Puppy to a new home – getting a dog from us
Are you ready to commit to a dog for the next 15 years? Are you up for the daily plays and outdoors activities with an energetic furry friend regardless of the weather? Do you have the enthusiasm to teach and train your dog to be an obedient and tidy pet? If getting a dog is a dream, you should be realistic about your own dreams. The dog is a demanding pet, but in return it gives its family a lot of joy, exercise and happy moments.
If the Australian Labradoodle feels like the breed for you, it is worth visiting the dogs at the regional events of the breed – find information on the Finnish Australian Labradoodle website and Facebook page. Due to its great popularity, the puppy queue is long and you may have to wait a long time for your own dog. However, waiting time has its advantages: you have time to think and prepare thoroughly for the arrival of the new family member.
Becoming a dog owner – how to get a puppy
- Get to know the breed at your area’s Australian Labradoodle events. The events will be announced on the association’s website.
- If you want to test your family’s allergy symptoms with the breed, it’s a good idea to do it with an adult dog at home. Unfortunately, we cannot come to our home to test for allergies, as we always have puppies that have more allergens compared to an adult dog. In this case, the result may not be reliable.
- Get to know our puppy-based breeding work and our dogs.
- Consider with your family if you are ready to commit to the care and raising needed by your dog (12-15 years).
- Email us and let us know why an Australian Labradoodle would be the right dog for you and what kind of individual would be best for you.
- We will connect with you and interview your family. We want to make sure that the dog has time in your family and a puppy coming to a new home is welcome. We will also map out your own wishes, what kind of family you are and what kind of dog would suit you. This will help us choose the right puppy for your family.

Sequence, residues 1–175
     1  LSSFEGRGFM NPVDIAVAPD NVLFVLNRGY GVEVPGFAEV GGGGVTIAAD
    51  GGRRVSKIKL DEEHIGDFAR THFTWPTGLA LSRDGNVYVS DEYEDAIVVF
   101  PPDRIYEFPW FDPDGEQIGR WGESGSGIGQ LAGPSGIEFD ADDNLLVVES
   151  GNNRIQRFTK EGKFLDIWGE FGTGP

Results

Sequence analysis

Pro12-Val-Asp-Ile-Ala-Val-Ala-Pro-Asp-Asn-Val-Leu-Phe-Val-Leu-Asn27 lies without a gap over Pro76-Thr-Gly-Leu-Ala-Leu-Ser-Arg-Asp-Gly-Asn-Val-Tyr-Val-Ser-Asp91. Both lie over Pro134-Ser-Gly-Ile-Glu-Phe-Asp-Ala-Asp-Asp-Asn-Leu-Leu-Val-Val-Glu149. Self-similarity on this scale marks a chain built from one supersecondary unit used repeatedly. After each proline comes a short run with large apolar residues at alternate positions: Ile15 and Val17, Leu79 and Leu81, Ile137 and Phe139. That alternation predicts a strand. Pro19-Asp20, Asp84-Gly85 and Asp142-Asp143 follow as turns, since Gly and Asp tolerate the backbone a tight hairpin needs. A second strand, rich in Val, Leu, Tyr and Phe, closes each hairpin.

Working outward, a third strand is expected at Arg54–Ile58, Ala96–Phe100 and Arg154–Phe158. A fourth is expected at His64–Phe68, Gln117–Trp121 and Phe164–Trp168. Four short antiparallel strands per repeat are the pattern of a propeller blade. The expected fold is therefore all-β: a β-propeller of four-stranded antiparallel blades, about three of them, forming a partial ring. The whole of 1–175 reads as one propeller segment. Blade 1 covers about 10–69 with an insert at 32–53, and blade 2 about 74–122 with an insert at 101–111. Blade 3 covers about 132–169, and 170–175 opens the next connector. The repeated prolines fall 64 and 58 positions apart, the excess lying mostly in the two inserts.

- When everything is in order, you get into the puppy queue. We will keep you informed of the progress of the queue.
- When the puppies are 4-6 weeks old, you and your family can get to know them at ours.
- We will announce the selection of the puppies in person. You will find out the results of your future family member’s character tests and our rationale for why the dog we chose would be best for you.
- Once the puppy selection is confirmed and the dog has reached the age of delivery, you will be able to pick up the new family member. We will provide a comprehensive puppy package with you and the necessary supplies for your dog’s first weeks. The puppy is ready for a new home!
Puppy adjusting to a new home
The puppy will be taught and socialised by us right from the birth. We use Puppy Culture and Bio Sensor methods in our breeding work. When the puppy moves to a new home, the responsibility for raising the dog passes to the owner. Without consistent and regular breeding work, a dog will not develop into a courageous and lovable adult by nature. Puppy training and obedience training can be found in almost every locality.
It can be difficult for a human-loving dog to be left alone for hours. The puppy must be gently accustomed to solitude, initially for short periods at a time. It is hoped that the puppy will be able to wait for its owner in peace, perhaps sleeping. For example, you can play with the puppy and jog in the morning to make him/her more tired when being alone. Other dogs benefit from activation toys and others from activities that take time instead of being bored.
The Australian Labradoodle is a fast learner and adjusting breed
The Australian Labradoodle is an intelligent and easy to learner. You can practice with it a wide range of agility. The dog also has a good sense of smell, so you can practice tracing and searching with it, for example. Suitable as an assistant and therapy dog, its gifts can be utilised in nursing homes or as a companion dog, for example. Australian Labradoodles love forest walks, swimming and running freely.
The dog needs to get used to brushing and grooming right from the time of being a puppy. It must learn to stand on the trimmer table and tolerate the buzzing of the trimmer and cutting of the coat. Coat maintenance can also be given into the hands of a professional. During the first training sessions, no measures need to be taken, but you can gradually get the dog used to the trimmer handling and the buzzing of the machine.